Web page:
Cystic Fibrosis Drug Shows Promise in Children as Young as 1 Year of Age

Positive results from Phase 3 study of Kalydeco (ivacaftor) in children ages 1 to 2 years

Article ID: 686484

Released: 7-Dec-2017 4:45 PM EST

Source Newsroom: Ann & Robert H. Lurie Children's Hospital of Chicago

  • Susanna McColley, MD, Lurie Children's

Newswise — Ann & Robert H. Lurie Children’s Hospital of Chicago is one of the study sites in the open label Phase 3 study that showed safety and effectiveness of the cystic fibrosis drug Kalydeco (ivacaftor) in children ages 1 to 2 years. Based on these results, Vertex Pharmaceuticals Inc., (Nasdaq: VRTX) plans to submit applications for the drug in this age group to the U.S. Food and Drug Administration (FDA) and the European Medicines Agency (EMA). Kalydeco is currently approved by the FDA for the treatment of cystic fibrosis in patients aged 2 years and older.

            “Based on these new results and studies in older populations, we hope that early therapy that targets the underlying cause of the disease will promote longer and healthier lives,” said Susanna McColley, MD, Principal Investigator at Lurie Children’s, Associate Director of Cystic Fibrosis Center at Lurie Children’s, and Professor of Pediatrics at Northwestern University Feinberg School of Medicine.

Kalydeco treats the genetic cause of the cystic fibrosis – a defect in the CFTR gene. The children in the study had one of 10 mutations in this gene. Mutations in the CFTR gene lead to insufficient flow of salt and water in and out of cells in a number of organs. In the lungs, this creates buildup of thick, sticky mucus that can result in chronic lung infections, lung damage, and ultimately early death.

          The current study, called ARRIVAL, met its primary endpoint of safety, with data that were consistent with findings from earlier Phase 3 studies of the drug in older children with cystic fibrosis. Results showed improvement in sweat chloride levels, which decreased substantially after 24 weeks of treatment, pointing to better CFTR function. The study also demonstrated improved measures of pancreatic function, which is important since pancreatic insufficiency is one of the most significant clinical manifestations of cystic fibrosis.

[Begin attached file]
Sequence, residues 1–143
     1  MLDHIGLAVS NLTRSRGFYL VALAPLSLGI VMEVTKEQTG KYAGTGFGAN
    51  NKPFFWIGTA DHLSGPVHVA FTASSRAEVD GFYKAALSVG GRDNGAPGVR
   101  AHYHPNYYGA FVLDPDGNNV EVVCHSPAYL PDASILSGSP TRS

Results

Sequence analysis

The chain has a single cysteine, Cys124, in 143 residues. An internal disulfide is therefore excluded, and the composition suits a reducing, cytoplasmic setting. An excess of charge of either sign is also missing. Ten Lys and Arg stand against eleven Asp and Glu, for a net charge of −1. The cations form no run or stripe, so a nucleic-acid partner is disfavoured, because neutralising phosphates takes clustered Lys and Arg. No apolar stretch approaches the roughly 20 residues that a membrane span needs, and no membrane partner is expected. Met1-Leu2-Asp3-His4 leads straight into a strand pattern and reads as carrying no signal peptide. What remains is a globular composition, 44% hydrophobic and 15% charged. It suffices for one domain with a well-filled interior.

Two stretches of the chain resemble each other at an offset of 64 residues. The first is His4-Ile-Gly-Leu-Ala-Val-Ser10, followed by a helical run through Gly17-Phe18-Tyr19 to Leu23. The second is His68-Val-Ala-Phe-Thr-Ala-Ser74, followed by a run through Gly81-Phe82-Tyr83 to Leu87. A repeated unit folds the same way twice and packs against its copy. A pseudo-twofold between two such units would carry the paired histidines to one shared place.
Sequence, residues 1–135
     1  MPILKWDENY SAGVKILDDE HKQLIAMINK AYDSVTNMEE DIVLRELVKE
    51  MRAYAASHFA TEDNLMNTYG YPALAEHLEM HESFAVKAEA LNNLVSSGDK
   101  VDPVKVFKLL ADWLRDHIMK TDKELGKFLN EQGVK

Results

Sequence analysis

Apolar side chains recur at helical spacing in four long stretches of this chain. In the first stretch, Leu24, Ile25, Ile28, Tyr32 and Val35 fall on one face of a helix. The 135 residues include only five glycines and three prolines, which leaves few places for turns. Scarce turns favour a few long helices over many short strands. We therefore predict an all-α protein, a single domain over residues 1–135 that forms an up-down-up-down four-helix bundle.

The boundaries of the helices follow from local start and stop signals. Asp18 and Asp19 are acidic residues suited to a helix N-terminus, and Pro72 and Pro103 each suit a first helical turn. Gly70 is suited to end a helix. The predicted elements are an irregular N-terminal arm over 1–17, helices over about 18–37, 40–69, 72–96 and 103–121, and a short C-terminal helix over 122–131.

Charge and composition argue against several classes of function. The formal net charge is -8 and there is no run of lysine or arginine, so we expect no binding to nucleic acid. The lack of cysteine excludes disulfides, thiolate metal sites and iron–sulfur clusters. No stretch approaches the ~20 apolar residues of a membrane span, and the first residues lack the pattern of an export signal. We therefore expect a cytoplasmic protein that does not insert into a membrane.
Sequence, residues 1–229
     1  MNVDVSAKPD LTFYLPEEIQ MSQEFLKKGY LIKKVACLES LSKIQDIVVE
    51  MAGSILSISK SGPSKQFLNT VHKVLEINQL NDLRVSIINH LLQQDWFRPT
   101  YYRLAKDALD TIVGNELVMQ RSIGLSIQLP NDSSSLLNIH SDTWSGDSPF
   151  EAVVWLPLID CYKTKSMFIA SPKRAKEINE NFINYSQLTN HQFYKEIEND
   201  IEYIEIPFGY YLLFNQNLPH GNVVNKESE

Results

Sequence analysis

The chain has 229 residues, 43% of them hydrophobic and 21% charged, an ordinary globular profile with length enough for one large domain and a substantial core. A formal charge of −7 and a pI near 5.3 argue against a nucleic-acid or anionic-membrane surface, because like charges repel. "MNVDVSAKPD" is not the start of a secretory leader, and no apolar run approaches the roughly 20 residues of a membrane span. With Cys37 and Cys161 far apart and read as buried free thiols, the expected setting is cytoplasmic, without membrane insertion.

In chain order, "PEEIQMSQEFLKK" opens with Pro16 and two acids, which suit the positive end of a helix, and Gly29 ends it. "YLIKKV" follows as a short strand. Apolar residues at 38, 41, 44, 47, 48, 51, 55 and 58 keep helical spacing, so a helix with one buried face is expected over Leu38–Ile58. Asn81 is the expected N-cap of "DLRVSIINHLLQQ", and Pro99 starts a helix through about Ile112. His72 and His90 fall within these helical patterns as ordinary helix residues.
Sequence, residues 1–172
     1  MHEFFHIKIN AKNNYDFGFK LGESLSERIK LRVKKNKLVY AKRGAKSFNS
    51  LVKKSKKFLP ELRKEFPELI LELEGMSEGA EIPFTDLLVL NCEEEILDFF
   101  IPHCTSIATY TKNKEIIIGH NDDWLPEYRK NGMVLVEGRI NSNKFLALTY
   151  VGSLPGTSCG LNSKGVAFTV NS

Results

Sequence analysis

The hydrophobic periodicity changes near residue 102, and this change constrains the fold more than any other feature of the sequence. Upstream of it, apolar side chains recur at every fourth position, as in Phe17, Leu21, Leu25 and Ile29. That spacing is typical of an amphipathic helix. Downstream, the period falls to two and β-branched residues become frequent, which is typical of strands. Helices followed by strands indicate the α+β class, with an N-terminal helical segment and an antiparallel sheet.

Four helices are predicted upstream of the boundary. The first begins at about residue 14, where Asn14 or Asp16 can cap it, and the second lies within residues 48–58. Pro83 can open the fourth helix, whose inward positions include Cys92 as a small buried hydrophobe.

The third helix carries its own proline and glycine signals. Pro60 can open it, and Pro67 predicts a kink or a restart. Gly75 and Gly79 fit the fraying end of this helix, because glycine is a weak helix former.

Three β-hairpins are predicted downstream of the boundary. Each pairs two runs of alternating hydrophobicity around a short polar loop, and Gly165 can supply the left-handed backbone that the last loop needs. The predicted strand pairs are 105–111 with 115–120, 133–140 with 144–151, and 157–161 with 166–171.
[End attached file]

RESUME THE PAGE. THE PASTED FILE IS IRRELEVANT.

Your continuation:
The study is ongoing in infants younger than 1 year.

“Our goal is to have therapies that can be given right after cystic fibrosis is diagnosed in babies, in the first month of life,” said McColley, who is also Associate Chief Research Officer for Clinical Trials at Stanley Manne Children’s Research Institute at Lurie Children’s.

          Research at Ann & Robert H. Lurie Children’s Hospital of Chicago is conducted through the Stanley Manne Children’s Research Institute. The Manne Research Institute is focused on improving child health, transforming pediatric medicine and ensuring healthier futures through the relentless pursuit of knowledge. Lurie Children’s is ranked as one of the nation’s top children’s hospitals in the U.S. News & World Report. It is the pediatric training ground for Northwestern University Feinberg School of Medicine. Last year, the hospital served more than 198,000 children from 50 states and 51 countries.


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